Child support amounts come down to a single dollar amount payable every month. The child's parent that does not hold primary physical custody is to financially support the child by making these payments the child's other parent. One may think that coming to an amount agreement for the child support is easy. Others may think it could be difficult.
The truth is, it could be either. Child supports amounts are based on several factors including Mississippi state law, parents' income, needs of the child and a child's accustomed standard of living. Adding up these (and any other relevant information pertaining to the child) the court will often come back with a determination fairly quickly. If a parent contests the amount, that's when the process can become lengthier.
It is well within a parent's rights to contest the child support amount requested. However, they will need to support their contention with evidence. There must be something the court missed that proves a parent's claim that the child support amount is incorrect. This could be because the child support amount is too much, or because it is too little.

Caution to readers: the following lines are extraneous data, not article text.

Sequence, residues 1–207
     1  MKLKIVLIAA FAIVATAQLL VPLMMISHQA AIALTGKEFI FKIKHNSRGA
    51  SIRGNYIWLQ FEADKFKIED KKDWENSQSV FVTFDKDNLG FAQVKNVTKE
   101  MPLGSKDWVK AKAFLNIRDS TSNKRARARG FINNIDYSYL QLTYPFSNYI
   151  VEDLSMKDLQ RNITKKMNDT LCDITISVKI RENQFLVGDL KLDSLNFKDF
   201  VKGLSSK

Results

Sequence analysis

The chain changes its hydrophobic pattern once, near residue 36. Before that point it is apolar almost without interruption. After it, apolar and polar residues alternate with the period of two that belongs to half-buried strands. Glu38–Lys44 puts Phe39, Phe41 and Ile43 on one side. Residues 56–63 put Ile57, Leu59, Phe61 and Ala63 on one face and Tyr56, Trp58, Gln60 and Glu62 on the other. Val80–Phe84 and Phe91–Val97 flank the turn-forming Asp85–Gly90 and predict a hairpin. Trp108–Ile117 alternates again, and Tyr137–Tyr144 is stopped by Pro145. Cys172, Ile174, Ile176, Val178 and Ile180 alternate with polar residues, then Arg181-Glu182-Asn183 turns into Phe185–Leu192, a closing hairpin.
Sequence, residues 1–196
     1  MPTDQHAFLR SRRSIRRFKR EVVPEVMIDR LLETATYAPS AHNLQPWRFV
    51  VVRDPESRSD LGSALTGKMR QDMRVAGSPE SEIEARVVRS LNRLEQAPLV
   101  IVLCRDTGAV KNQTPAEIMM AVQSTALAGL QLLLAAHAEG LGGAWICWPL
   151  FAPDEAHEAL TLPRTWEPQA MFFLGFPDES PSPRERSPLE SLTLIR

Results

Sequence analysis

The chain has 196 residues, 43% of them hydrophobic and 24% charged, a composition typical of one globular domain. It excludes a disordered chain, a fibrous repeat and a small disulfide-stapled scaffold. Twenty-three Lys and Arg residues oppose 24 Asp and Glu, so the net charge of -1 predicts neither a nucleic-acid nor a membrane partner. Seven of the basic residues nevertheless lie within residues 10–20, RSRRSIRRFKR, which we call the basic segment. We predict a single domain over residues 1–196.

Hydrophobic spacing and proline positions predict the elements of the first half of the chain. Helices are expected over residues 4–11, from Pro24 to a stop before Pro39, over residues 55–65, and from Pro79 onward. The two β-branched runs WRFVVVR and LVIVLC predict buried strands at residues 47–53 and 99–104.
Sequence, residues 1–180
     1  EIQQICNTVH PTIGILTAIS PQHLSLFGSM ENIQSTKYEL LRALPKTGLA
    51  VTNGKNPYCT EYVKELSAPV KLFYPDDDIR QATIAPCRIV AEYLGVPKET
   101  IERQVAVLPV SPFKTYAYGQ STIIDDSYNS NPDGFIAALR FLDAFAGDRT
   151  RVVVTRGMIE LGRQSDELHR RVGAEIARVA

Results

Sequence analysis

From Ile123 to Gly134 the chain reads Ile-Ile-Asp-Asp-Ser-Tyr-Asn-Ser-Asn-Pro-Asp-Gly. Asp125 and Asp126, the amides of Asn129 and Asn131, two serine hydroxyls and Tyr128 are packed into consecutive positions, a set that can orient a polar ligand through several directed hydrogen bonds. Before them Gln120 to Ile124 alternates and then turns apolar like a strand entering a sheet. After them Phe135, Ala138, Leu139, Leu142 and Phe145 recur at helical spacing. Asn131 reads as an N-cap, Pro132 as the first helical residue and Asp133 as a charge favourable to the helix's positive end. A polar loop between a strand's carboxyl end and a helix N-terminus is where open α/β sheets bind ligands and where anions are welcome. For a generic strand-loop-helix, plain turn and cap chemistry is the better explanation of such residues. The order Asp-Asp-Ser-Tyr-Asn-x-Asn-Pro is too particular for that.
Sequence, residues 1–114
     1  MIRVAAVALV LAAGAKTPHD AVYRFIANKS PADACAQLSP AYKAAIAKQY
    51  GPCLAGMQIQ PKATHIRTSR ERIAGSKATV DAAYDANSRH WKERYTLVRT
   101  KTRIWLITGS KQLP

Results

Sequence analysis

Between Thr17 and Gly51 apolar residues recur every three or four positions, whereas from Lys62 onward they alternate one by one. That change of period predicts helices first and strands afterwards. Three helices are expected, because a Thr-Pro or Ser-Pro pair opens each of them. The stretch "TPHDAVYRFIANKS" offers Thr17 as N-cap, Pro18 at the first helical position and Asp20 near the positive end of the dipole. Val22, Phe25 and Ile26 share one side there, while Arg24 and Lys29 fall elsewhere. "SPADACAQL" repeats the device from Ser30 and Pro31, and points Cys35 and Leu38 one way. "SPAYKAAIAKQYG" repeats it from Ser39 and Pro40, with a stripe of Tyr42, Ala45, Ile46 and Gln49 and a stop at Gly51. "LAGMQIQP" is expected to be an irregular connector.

Once the court determines child support amounts the child's parents agree to, it will be a court-mandated clause of the overall child custody arrangement. Child support amounts can be something that needs amending after an amount of time has passed and thus changes have happened for both parent and child. If needed, it's something that can be amended down the road if necessary.